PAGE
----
SAN FRANCISCO (AP) – Former New York Yankee Randy Velarde testified Wednesday that he purchased a performance-enhancing drug from Barry Bonds' personal trainer throughout the 2002 season, the Texas native's last after 16 years in the big leagues.
Velarde said the human growth hormone gave him more "endurance and strength" and that personal trainer Greg Anderson would help him inject the drug.
Velarde, 48, was the fourth athlete to testify about his desire to work with Anderson because of his connection to Bonds, the home-run king who experience a surge in power after he started working with the trainer.
Several more former baseball players were expected to testify Wednesday about their connection to Anderson. Anderson himself is in jail on contempt of court charges for refusing to testify at Bonds' federal perjury trial, which is in its second week.
Velarde, who hit 100 home runs and batted .276 for four different teams, spent less than 15 minutes on the witness stand and testified that he never used two designer steroids that prosecutors allege Bonds knowingly used after getting them from Anderson.
Velarde followed former San Francisco Giant Marvin Benard to the witness stand Wednesday morning.
Benard, 40, testified that Anderson supplied him with the designer steroids dubbed the "clear" and "cream."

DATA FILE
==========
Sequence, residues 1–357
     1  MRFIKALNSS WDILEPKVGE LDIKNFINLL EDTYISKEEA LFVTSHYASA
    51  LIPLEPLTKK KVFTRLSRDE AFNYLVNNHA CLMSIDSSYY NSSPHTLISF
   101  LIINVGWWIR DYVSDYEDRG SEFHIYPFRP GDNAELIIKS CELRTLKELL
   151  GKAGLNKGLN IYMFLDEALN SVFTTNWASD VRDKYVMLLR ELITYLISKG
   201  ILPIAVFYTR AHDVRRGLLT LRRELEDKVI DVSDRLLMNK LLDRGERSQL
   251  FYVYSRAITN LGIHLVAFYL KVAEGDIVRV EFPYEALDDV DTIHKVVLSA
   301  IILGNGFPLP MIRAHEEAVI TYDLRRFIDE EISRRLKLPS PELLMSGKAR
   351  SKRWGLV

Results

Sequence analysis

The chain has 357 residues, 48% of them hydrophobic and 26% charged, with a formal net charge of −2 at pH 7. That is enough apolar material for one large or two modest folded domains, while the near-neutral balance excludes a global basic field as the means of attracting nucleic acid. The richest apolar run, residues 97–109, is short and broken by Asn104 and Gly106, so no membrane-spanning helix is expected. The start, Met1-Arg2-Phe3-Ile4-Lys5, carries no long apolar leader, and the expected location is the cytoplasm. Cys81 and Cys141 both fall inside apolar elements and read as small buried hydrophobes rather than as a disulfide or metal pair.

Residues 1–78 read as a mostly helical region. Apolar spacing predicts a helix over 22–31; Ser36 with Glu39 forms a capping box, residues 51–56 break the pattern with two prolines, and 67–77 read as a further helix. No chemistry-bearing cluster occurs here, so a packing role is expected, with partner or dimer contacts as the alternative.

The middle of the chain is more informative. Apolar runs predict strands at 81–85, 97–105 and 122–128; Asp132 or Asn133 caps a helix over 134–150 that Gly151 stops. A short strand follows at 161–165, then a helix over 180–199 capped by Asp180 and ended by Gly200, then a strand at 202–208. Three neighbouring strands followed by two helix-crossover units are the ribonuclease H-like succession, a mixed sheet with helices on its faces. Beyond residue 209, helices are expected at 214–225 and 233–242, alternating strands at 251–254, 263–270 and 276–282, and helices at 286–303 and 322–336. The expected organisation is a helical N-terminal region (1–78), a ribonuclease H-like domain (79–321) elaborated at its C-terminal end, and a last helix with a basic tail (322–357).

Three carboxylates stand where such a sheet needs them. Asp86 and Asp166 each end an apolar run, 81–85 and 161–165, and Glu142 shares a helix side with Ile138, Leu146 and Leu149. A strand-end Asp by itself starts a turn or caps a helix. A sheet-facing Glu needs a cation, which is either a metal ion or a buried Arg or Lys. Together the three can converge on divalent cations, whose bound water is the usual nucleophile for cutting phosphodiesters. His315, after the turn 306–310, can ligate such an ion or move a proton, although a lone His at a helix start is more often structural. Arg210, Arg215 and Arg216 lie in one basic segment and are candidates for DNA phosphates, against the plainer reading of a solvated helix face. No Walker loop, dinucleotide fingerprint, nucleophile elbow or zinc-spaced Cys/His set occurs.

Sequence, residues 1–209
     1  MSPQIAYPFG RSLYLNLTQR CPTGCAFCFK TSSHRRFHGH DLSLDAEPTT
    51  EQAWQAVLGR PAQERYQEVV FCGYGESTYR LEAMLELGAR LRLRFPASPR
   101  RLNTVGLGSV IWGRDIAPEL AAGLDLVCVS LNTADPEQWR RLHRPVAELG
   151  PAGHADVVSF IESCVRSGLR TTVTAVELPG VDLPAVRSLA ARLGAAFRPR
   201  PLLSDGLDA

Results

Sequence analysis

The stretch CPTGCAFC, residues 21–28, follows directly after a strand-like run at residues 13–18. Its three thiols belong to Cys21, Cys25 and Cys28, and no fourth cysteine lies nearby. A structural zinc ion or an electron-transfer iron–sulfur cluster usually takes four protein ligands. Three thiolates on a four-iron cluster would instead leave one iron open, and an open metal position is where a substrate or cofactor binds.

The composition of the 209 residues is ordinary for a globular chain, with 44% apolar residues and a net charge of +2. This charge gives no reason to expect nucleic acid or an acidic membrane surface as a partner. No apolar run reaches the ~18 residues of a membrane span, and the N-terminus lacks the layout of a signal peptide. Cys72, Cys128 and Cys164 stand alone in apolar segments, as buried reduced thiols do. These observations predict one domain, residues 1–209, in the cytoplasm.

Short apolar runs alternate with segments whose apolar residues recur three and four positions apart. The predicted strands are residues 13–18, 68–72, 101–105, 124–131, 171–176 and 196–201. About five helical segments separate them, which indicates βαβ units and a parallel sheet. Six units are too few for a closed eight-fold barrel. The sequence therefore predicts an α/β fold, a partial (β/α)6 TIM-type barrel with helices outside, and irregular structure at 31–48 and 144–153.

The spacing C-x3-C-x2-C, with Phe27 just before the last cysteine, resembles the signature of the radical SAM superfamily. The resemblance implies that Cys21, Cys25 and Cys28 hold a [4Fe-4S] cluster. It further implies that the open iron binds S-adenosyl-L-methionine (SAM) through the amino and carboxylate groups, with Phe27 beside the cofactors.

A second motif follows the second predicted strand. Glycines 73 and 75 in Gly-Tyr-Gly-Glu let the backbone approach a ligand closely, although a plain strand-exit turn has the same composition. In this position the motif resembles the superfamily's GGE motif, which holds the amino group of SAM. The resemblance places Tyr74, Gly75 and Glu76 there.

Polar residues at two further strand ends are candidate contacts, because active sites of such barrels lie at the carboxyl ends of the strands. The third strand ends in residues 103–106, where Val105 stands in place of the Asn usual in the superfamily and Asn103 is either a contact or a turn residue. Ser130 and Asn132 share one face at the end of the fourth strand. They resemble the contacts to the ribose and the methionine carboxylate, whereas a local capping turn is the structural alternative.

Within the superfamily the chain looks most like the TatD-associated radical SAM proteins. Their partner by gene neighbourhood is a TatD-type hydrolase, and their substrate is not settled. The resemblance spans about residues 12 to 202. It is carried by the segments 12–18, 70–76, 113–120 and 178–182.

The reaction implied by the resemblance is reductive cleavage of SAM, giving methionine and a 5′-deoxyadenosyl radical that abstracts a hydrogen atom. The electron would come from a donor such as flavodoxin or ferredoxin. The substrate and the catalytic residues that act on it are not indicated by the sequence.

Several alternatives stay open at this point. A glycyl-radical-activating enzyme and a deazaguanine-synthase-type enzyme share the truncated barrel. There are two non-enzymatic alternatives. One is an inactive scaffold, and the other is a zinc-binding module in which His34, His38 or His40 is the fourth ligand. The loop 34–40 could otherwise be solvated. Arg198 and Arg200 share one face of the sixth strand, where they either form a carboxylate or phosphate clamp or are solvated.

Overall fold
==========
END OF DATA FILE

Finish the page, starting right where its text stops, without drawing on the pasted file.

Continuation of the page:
Prosecutors hope to use the players’ testimony to undercut Bonds’ position that Anderson duped him into unknowingly using designer steroids. None of the players, except for former Giants catcher Bobby Estalella, were expected to directly testify about Bonds.
Prosecutors said in a court filing before the trial started March 21 that Estalella will "testify that the defendant admitted using performance-enhancing drugs, as well as their effects, and that they had several discussions regarding that topic."
Also on the government's witness list: former Bonds teammates Armando Rios and Benito Santiago.
Colorado Rockies first baseman Jason Giambi(notes) and his brother, former major leaguer Jeremy Giambi, testified Tuesday about their relationship with Anderson and gave similar accounts of their relationship with him. They said that before the 2003 season Anderson supplied them with steroids designed to evade Major League Baseball's plan to test players for steroids that season.
Bonds, the major league record-holder for home runs in a career (762) and a season (73), has pleaded not guilty to four charges that he lied to a grand jury when he denied knowingly taking performance-enhancing drugs. He also pleaded not guilty to a charge of obstruction.